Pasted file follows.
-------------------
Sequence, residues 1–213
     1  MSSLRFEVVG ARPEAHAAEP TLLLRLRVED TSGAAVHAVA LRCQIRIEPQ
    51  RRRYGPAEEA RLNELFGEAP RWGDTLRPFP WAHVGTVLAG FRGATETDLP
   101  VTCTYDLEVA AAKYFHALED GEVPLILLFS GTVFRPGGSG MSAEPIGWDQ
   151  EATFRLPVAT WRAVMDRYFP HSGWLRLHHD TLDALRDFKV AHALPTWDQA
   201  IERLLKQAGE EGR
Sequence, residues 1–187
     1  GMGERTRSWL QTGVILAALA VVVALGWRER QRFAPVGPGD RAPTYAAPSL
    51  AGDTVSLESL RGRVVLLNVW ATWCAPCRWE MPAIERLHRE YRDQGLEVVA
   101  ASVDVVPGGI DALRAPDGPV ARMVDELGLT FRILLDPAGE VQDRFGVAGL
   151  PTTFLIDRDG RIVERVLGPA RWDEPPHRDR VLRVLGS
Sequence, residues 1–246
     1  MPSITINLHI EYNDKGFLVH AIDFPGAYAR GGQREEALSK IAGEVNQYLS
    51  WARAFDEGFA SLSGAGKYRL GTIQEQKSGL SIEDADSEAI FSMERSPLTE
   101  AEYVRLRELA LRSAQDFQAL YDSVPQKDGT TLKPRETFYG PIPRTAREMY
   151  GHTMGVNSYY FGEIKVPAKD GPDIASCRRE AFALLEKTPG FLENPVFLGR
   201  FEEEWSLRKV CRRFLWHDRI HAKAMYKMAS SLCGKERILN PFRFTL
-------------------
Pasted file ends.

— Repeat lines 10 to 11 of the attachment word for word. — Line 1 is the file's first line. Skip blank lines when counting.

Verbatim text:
   101  ASVDVVPGGI DALRAPDGPV ARMVDELGLT FRILLDPAGE VQDRFGVAGL
   151  PTTFLIDRDG RIVERVLGPA RWDEPPHRDR VLRVLGS